Yoshitomo Nara is a Japanese artist. He lives and works in Tokyo, though his artwork has been exhibited worldwide. Nara has had nearly 40 solo exhibitions since 1984.
Yoshitomo Nara first came to the fore of the art world during Japan’s Pop art movement in the 1990s. The subject matter of his sculptures and paintings is deceptively simple: most works depict one seemingly innocuous subject (often pastel-hued children and animals drawn with confident, cartoonish lines) with little or no background. But these children, who appear at first to be cute and even vulnerable, sometimes brandish weapons like knives and saws. Their wide eyes often hold accusatory looks that could be sleepy-eyed irritation at being awoken from a nap—or that could be undiluted expressions of hate.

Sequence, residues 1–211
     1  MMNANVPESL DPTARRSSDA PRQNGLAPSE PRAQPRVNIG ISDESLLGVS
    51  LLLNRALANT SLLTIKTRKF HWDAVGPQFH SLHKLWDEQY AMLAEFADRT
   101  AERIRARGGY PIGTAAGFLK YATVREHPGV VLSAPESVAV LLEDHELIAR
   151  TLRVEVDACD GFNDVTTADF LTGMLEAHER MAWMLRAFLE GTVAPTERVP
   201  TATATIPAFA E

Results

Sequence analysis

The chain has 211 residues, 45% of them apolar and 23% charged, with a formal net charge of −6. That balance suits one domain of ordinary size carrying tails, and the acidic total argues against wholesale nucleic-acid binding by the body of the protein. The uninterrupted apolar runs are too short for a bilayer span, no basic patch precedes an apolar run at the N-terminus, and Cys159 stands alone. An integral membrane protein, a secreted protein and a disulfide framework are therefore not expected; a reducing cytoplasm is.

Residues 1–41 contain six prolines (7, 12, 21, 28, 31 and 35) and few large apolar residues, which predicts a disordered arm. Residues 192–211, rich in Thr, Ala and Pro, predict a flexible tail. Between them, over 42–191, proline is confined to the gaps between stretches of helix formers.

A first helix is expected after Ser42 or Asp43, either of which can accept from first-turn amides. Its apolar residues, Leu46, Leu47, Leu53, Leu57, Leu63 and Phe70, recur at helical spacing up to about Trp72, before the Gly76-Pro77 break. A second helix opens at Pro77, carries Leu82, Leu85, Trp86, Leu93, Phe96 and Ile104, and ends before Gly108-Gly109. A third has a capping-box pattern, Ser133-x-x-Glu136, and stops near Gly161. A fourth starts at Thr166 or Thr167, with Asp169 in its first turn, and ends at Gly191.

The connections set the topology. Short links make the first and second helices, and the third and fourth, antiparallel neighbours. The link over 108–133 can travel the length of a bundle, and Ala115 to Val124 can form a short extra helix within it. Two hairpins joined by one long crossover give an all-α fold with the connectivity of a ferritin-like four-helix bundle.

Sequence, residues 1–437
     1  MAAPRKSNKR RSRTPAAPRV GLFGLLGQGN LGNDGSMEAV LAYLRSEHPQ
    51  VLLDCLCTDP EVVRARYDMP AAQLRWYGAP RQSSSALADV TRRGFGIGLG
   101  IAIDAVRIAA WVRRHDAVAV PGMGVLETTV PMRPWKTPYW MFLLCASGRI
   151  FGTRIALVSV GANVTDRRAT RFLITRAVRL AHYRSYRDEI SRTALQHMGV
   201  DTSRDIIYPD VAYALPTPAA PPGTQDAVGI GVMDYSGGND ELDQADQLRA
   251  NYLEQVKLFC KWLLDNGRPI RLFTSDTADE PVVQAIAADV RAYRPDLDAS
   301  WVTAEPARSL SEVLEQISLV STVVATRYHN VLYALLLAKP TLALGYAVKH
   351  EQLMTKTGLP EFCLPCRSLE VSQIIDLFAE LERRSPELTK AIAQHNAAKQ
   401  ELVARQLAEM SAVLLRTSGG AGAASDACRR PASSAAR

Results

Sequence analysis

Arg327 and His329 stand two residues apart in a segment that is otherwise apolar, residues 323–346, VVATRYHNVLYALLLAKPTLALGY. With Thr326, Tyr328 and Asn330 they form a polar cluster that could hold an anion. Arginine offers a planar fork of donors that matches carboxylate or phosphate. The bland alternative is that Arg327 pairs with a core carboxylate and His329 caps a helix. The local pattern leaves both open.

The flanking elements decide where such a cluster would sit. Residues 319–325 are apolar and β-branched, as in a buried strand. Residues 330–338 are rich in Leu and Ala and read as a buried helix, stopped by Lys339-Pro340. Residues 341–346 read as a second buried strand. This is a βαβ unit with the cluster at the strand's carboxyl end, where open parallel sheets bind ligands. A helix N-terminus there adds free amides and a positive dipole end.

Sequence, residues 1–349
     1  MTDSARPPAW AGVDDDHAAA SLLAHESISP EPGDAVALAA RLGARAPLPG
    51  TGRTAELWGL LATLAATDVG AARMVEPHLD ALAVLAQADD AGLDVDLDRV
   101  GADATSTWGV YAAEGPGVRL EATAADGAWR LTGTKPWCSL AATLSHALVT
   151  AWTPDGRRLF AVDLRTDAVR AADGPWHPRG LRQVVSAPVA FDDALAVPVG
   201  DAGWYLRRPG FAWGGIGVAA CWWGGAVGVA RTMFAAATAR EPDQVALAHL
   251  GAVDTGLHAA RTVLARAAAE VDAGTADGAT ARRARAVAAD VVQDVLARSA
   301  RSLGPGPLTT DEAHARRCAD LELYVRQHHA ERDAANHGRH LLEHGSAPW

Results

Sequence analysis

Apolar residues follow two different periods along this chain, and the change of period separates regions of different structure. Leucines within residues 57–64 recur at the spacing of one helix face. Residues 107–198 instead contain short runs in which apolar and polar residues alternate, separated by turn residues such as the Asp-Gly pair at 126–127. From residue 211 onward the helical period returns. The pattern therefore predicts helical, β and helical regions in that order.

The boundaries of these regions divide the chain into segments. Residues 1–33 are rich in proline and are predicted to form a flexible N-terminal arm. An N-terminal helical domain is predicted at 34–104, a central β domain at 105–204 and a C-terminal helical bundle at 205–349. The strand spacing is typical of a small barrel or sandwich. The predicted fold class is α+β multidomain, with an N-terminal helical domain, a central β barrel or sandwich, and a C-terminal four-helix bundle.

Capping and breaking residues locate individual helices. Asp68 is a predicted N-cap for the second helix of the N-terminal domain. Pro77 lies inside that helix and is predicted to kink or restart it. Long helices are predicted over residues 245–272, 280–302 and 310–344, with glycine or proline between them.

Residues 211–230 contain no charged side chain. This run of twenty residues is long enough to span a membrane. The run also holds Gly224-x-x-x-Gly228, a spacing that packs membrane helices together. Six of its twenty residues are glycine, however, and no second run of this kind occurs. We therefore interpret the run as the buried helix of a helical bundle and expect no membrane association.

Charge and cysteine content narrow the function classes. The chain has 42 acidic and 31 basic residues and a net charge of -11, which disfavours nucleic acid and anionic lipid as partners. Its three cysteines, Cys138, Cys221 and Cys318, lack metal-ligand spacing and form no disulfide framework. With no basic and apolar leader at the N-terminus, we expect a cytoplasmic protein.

Though Nara claims to have never said that he was influenced by manga, the imagery of manga and anime of his 1960s childhood is often cited when discussing Nara’s stylised, large-eyed figures. Nara subverts these images, however, by infusing his works with horror-like imagery. This juxtaposition of human evil with the innocent child may be a reaction to Japan’s rigid social conventions.